Hip Hop 3arabi – encouraged with the emergence of DAM, a Palestinian hip hop group

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Hip Hop has long been a rich musical genre with deep roots in social struggles. Although it started as a movement within the African American community, this artistic form of expression has spread to many communities around the world, using it to convey their social struggle through music. Indeed, the Arab Spring only reinforced the attachment of Arab youth to this growing movement and Jordan was no exception. Many Jordanian youth are now not only perfectly familiar with this new art form, but are also replicating it in their own language and terminology.

The Hip Hop movement in Jordan was encouraged with the emergence of DAM – a Palestinian hip hop group that spoke about issues related to the Palestinian Arab minority within Israel. DAM began as a local hip hop group but its popularity spread to the rest of the Arab world like wildfire, especially after their hit song, “Who’s the terrorist?” DAM’s attractiveness and uniqueness lay in their Arabic lyrics. Hip hop as a form of art was definitely well known to the Arab world, but DAM was the first group to use hip hop’s basic structure and format and apply it in the Arabic language, giving millions of Arabs who did not speak English access to this music genre.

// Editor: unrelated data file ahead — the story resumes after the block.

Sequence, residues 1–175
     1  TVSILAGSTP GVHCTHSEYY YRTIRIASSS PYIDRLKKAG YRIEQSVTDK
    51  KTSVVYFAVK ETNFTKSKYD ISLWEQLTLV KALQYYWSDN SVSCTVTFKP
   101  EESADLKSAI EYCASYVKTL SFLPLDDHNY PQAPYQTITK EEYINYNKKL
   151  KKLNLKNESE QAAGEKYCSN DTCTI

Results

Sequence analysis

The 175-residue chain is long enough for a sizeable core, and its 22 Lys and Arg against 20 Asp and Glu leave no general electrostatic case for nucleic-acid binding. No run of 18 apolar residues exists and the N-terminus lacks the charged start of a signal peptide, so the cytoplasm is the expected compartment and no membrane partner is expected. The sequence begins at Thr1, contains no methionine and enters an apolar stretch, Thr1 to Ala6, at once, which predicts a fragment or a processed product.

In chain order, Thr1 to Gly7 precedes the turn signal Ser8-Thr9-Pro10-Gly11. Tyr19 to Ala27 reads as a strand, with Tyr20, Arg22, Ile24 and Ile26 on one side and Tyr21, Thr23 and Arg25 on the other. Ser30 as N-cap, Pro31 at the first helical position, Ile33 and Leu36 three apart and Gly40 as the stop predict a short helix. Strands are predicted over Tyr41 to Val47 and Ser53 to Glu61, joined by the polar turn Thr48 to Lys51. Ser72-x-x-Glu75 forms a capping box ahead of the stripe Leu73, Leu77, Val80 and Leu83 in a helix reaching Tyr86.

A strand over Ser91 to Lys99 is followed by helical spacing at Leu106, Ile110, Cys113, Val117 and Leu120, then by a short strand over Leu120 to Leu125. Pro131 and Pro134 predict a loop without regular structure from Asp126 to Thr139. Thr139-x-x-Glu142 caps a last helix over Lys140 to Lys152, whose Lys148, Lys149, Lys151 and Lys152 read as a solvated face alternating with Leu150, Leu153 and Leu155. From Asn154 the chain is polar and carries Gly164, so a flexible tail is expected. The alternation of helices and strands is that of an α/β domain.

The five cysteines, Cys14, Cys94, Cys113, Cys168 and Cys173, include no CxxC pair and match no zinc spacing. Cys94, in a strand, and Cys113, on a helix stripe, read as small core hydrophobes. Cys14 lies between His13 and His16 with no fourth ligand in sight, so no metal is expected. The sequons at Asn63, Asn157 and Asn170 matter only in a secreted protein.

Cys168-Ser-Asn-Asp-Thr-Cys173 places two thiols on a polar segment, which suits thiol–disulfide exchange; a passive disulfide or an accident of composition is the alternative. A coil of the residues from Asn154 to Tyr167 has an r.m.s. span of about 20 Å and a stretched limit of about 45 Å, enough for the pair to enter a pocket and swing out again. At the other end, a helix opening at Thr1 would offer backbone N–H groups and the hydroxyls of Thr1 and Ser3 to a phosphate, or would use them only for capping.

The emergence of rappers, lyricists and emcees began taking form within the past decade, giving root to hip hop artists such as the Tareq Abu Kwaik (El Far3i), a drummer, percussionist and lyricist of Palestinian origin and Jordan’s first hip hop movement, 962 Street, named after Jordan’s international code “962.” The movement was started by Emcee Amer Al Taher, who had moved to Jordan from Saudi Arabia in 2005 and by 2008, it had grown to include a number of solo artists who were already active in Jordan’s hip hop scene.

Credit: Tareq Abu Kwaik

Hip Hop shows are widespread in Jordan and are spread around by word of mouth. Once you know someone in the hip hop scene, you are sure to hear about all the shows that are taking place around the country. The artists themselves are a close-knit community and have established a community based on mutual support and encouragement.

Do not miss out on this increasingly popular form of art prominent on Jordan’s streets and visit youinjordan.com’s facebook page for constant information on various shows!

About the Author

Kholoud MahafzahContributor at youinjordan.comView all posts by Kholoud Mahafzah →

  1. Freeda ZolinskiFreeda Zolinski06-15-2012

    Wow! Thank you! I always needed to write on my website something like that. Can I take a fragment of your post to my site?

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